@Deduplicator 2014-08-18 18:07:33

@Lazer: Not only is Java simpler to parse, it does not have templates (Yes, it has generics, but those are not even in the running).

@Dmitry 2016-04-07 13:27:59

Is there no way C++ could support merged implementation with interface? Vast majority of code using C++, such as proof of concept, tests, simple projects do not benefit from the split, and only make your code more difficult to manage because of the thrashing between the two files.

@Rohit Hajare 2017-07-17 05:22:11

Can we also achieve abstraction separating header files from implementation files ? means we want to provide our code to third party then we can also send only header files and hide our business logic.

@andref 2010-07-28 18:54:20

Because C++ inherited them from C. Unfortunately.

@Lokesh 2017-06-02 05:16:36

Why inheritance of C++ from C is unfortunate?

@陳 力 2018-06-03 06:35:26

@Lokesh Because of its baggage :(

@Shuvo Sarker 2018-08-27 19:24:56

How can this be an answer?

@Boris 2019-02-12 17:16:30

@ShuvoSarker because as thousands of languages have demonstrated, there is no technical explanation for C++ making programmers write function signatures twice. The answer to "why?" is "history".

@jalf 2008-12-02 18:15:45

Because C, where the concept originated, is 30 years old, and back then, it was the only viable way to link together code from multiple files.

Today, it's an awful hack which totally destroys compilation time in C++, causes countless needless dependencies (because class definitions in a header file expose too much information about the implementation), and so on.

@Mateen Ulhaq 2019-05-24 08:56:20

I wonder why header files (or whatever was actually needed for compilation/linking) were not simply "auto-generated"?

@user21037 2008-12-02 13:25:03

Often you will want to have a definition of an interface without having to ship the entire code. For example, if you have a shared library, you would ship a header file with it which defines all the functions and symbols used in the shared library. Without header files, you would need to ship the source.

Within a single project, header files are used, IMHO, for at least two purposes:

  • Clarity, that is, by keeping the interfaces separate from the implementation, it is easier to read the code
  • Compile time. By using only the interface where possible, instead of the full implementation, the compile time can be reduced because the compiler can simply make a reference to the interface instead of having to parse the actual code (which, idealy, would only need to be done a single time).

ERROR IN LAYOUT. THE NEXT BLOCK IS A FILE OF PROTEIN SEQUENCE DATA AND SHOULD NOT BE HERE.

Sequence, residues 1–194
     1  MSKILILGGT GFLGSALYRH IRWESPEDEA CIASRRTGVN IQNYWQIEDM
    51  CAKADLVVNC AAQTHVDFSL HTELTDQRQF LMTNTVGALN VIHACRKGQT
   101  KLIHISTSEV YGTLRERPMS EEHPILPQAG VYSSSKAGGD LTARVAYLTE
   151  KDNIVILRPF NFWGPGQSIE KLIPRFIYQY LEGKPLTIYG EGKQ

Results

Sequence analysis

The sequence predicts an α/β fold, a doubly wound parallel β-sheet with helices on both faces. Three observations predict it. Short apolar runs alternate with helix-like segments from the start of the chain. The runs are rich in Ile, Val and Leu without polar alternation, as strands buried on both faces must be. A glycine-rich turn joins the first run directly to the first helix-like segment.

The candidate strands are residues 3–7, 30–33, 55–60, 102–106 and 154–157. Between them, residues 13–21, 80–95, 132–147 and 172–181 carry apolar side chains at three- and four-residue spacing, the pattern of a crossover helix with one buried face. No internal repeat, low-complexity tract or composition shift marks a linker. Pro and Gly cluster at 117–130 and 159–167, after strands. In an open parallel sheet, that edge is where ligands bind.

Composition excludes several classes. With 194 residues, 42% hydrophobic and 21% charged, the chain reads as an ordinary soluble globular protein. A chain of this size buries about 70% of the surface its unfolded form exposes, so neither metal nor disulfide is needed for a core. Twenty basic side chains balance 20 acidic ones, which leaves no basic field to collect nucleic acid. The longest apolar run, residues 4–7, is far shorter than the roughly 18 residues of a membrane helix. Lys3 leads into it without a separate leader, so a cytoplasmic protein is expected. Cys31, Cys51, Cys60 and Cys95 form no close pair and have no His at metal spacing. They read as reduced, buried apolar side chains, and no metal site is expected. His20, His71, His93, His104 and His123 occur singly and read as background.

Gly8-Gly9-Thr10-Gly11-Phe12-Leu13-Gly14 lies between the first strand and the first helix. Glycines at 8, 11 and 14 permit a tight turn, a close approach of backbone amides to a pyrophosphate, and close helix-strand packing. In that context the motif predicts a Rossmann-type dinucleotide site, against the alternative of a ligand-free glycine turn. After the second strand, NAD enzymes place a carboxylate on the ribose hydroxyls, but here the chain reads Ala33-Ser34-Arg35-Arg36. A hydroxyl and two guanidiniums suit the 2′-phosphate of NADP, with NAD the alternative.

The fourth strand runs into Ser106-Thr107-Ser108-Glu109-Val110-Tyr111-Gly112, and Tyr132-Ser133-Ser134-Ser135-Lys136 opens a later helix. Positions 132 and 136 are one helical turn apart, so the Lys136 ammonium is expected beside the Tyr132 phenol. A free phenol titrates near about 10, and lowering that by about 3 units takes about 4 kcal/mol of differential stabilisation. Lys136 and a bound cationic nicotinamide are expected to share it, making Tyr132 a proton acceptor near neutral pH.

@Tom Hawtin - tackline 2008-12-02 13:50:17

Why couldn't library vendors just ship a generated "header" file? A pre-processor free "header" file should give much better performance (unless the implementation was really broken).

@user21037 2008-12-02 13:53:10

I think its irrelevant if the header file is generated or hand written, the question wasn't "why do people write header files themselves?", it was "why do we have header files". The same goes for preprocessor free headers. Sure, this would be faster.

@Aaron Digulla 2008-12-02 13:23:49

Because the people who designed the library format didn't want to "waste" space for rarely used information like C preprocessor macros and function declarations.

Since you need that info to tell your compiler "this function is available later when the linker is doing its job", they had to come up with a second file where this shared information could be stored.

Most languages after C/C++ store this information in the output (Java bytecode, for example) or they don't use a precompiled format at all, get always distributed in source form and compile on the fly (Python, Perl).

@MSalters 2008-12-03 14:45:56

Wouldn't work, cyclic references. I.e.you can't build a.lib from a.cpp before building b.lib from b.cpp, but you can't build b.lib before a.lib either.

@Aaron Digulla 2008-12-03 14:54:49

Java solved that, Python can do it, any modern language can do it. But at the time when C was invented, RAM was so expensive and scarce, it just wasn't an option.

@unwind 2008-12-02 13:19:55

Because in C++, the final executable code does not carry any symbol information, it's more or less pure machine code.

Thus, you need a way to describe the interface of a piece of code, that is separate from the code itself. This description is in the header file.

@Martin v. Löwis 2008-12-02 13:19:35

It's the preprocessor way of declaring interfaces. You put the interface (method declarations) into the header file, and the implementation into the cpp. Applications using your library only need to know the interface, which they can access through #include.